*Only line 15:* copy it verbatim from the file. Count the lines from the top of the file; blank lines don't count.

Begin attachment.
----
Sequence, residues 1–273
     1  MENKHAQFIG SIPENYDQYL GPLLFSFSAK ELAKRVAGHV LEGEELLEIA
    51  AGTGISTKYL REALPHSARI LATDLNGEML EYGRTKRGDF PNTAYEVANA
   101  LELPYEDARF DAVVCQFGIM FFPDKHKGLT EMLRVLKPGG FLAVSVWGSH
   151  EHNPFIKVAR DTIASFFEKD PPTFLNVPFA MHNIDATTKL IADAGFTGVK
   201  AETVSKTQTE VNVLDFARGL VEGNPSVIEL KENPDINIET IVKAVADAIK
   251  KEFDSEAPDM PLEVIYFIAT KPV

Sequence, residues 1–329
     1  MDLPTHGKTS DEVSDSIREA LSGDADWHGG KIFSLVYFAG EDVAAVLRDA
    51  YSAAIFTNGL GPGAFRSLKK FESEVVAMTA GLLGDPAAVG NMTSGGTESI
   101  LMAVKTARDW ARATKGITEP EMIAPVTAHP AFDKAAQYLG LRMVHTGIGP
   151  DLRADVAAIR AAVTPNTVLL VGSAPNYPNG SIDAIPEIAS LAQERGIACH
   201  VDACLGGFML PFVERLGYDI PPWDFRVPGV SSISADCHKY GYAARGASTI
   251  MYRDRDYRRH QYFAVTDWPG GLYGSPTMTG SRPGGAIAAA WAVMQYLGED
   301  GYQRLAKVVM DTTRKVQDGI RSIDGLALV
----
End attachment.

   301  GYQRLAKVVM DTTRKVQDGI RSIDGLALV